Final numbers for 2014 will show that it this year had the largest ever deployments of wind power and solar power. This was also the year that saw the largest purchase of energy storage in US history. Both of these are vital steps in bootstrapping the industries that will allow us to power our civilization while cutting the emissions that cause climate change.
And they’re just the latest in the ongoing surge in renewable energy in the market:
Renewable energy remains a tiny fraction of worldwide energy use. It’s starting from an extremely low base. Even growing at its phenomenal rate, it will likely take decades to turn the corner in climate change, but it is possible.
7. 2014 Saw Mainstream Realization of Solar and Wind’s Incredible Price Decline
That possibility is made even more clear here: 2014 saw two incredible graphs from mainstream financial analysts on the price plunge of renewables.
Lazard Capital Management put out a report showing how, in the last 5 years, wind and solar in the US have dropped 58% and 78% in price, respectively, now putting them below the price of grid electricity in many regions. (The red lines below are my own additions.)
And AllianceBernstein published their even more provocative solar “TerrorDome” chart (with slight yellow arrow annotation from me) showing how, in the long term, solar is plunging even more phenomenally in price relative to traditional fossil fuel energy sources.
Both are as important for who published them as for what they say. These are not reports from environmental groups or even greentech investment funds. These are financial analysts advising their clients on trends in the costs of energy – trends they see as upending the market.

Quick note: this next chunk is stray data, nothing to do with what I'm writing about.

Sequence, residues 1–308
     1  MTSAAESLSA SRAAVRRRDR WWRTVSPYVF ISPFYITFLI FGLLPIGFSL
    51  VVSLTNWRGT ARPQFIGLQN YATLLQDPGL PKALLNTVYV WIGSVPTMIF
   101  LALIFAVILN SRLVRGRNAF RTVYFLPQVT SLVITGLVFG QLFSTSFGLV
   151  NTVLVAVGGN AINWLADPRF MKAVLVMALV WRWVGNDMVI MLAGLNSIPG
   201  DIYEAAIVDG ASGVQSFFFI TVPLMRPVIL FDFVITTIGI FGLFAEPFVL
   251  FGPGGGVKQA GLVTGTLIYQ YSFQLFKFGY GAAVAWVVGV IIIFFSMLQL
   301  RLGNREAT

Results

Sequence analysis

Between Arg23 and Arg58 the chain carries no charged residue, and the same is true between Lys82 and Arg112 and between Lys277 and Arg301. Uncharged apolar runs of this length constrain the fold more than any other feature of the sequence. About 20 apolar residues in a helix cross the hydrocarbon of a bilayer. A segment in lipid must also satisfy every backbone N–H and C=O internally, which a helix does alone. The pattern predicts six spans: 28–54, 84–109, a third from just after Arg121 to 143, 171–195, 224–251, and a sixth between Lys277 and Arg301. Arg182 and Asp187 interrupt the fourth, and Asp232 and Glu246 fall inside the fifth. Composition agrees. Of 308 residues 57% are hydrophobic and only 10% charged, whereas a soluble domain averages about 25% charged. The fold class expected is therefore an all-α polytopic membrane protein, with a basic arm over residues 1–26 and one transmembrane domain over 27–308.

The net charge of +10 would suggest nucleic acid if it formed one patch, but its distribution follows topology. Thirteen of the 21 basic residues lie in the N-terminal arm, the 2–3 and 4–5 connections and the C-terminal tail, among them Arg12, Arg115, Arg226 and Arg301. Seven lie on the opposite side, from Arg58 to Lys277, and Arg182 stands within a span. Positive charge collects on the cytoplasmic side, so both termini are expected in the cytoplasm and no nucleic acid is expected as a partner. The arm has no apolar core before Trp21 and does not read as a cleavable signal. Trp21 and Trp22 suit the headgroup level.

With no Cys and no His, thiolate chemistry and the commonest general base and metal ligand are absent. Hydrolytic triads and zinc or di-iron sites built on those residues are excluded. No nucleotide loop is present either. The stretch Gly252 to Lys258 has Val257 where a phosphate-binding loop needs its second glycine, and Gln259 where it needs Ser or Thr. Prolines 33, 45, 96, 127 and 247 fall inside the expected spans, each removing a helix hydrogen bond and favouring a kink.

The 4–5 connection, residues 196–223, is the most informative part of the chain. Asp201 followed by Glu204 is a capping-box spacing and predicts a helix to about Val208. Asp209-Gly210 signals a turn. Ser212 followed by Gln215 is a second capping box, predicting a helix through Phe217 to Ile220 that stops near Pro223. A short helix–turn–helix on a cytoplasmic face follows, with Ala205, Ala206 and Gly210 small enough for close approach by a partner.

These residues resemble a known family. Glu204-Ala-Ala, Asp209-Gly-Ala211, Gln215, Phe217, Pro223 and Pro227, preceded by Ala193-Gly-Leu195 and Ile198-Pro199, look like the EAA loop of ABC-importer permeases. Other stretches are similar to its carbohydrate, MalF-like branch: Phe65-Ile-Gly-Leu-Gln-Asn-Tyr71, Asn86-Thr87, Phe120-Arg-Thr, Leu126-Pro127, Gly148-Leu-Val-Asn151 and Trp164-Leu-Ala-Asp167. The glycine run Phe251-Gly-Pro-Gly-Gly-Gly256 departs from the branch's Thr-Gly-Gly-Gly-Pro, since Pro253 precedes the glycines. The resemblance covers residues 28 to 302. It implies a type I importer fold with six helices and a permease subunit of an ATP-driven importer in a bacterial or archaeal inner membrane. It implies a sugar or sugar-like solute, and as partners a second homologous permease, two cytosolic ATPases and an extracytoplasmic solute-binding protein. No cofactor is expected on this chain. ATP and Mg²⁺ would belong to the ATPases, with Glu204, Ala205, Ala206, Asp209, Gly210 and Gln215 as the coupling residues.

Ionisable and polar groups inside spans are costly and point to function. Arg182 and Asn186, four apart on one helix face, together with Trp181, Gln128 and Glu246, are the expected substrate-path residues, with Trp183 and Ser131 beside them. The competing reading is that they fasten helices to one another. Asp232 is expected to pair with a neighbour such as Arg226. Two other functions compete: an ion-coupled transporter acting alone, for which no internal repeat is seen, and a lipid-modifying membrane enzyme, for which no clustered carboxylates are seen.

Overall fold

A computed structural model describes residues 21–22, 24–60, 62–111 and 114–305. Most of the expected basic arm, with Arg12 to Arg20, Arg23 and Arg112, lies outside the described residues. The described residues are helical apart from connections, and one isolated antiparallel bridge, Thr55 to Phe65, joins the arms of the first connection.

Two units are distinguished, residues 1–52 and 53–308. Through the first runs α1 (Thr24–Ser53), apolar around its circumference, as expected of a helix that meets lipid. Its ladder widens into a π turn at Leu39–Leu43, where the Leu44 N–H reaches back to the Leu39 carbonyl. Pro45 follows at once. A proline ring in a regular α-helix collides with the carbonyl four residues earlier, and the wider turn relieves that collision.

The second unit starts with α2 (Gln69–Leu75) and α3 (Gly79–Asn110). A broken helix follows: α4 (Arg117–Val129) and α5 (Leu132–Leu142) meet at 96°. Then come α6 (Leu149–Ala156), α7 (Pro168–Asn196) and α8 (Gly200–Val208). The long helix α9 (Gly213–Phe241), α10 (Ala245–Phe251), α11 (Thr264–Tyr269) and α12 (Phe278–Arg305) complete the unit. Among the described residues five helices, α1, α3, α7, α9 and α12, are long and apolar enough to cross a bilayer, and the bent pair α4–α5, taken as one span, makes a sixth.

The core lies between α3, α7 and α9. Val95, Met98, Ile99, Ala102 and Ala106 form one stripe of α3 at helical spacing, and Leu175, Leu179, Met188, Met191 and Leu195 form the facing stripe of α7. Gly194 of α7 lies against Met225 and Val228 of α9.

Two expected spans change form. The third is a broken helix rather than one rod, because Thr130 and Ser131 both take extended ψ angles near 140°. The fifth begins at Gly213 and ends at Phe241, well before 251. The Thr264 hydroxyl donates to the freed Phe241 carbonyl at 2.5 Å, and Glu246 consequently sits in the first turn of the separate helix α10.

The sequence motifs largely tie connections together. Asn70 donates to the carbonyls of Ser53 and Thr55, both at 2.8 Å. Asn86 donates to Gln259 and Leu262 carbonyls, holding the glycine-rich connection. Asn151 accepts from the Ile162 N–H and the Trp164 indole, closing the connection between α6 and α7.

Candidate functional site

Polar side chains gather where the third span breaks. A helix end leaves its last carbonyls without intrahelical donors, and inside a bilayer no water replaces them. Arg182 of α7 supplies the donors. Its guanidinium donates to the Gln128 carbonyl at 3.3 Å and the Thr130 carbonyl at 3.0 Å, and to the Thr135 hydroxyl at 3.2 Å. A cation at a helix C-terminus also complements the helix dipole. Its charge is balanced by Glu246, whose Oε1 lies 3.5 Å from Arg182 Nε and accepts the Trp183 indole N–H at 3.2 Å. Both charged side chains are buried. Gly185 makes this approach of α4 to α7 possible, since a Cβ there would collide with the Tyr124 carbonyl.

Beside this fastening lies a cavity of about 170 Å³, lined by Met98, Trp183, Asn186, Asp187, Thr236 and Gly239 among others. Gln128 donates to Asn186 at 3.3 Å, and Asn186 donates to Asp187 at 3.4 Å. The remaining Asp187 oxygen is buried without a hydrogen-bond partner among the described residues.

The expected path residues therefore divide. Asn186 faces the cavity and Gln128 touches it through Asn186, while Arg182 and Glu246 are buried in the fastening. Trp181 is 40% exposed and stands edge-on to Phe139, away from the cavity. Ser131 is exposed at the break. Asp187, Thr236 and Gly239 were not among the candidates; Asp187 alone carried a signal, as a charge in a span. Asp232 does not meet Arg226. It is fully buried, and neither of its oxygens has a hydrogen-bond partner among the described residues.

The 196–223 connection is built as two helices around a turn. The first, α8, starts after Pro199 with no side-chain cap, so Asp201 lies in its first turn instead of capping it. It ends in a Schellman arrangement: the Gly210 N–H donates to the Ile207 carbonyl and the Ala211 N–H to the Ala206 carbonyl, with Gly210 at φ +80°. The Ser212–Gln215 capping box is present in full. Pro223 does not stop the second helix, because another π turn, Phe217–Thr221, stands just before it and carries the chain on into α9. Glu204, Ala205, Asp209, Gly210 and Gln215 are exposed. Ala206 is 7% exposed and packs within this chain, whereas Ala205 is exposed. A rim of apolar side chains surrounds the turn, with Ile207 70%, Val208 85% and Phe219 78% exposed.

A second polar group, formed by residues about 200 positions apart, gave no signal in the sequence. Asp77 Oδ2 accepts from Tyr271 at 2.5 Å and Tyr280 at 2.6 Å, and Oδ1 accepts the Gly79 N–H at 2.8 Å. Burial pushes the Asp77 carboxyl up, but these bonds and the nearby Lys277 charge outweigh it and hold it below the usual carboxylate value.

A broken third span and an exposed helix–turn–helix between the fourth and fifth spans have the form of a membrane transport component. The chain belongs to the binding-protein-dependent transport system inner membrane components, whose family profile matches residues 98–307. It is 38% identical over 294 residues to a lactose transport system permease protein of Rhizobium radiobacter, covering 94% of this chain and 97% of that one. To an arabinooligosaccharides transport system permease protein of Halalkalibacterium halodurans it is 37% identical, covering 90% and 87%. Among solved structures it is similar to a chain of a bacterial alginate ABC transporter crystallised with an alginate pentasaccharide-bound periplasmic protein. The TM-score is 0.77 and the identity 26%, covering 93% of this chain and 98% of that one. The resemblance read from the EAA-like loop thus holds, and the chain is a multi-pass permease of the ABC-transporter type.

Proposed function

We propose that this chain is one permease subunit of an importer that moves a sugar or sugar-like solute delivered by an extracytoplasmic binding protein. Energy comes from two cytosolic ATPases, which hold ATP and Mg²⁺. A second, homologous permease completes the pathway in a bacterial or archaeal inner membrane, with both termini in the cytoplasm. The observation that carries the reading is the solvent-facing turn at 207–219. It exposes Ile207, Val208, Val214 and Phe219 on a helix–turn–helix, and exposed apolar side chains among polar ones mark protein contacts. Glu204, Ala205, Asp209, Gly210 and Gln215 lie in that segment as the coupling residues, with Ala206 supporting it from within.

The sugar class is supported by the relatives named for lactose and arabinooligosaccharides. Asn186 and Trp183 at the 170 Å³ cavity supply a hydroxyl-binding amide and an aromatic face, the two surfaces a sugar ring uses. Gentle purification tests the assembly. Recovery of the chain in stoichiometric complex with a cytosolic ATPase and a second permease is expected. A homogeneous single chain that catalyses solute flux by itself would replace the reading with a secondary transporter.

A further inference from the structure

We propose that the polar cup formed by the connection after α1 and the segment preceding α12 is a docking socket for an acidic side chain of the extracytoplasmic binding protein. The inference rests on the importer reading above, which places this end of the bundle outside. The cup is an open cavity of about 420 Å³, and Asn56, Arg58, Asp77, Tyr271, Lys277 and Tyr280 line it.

8. In 2014, Hunger and Malnourishment Reached a New Low
In 1969, more than 30% of the developing world lived in hunger. Now that’s down to 13.5%. The rate of hunger reduction has accelerated in recent years, according to the FAO. As a percent of humanity, it’s likely that hunger has never been this rare, in the couple hundred thousand years our species existed. And even absolute numbers have dropped over the last 25 years. There is a huge amount of work left to do – but 2014 is the best yet in this measure.
9. And So Did Global Poverty, Child Mortality, and a Host of Other Ills
We don’t have the final data yet, but it’s almost certain that when we do, we’ll find out that in 2014, global life expectancy was at an all-time high, global poverty was at an all-time low, and worldwide child mortality had reached another new low, as part of the long trends of progress on each of these metrics.
For instance, see the trend on poverty, via Max Roser
Or the trend on under-five mortality, which has dropped by half since just 1990:
10. In 2014, the US Became Healthier and Safer as Well
Here again, we lack final numbers, but when we have them, it’s extremely likely that we’ll find that in the US, 2014 continued the long trend of: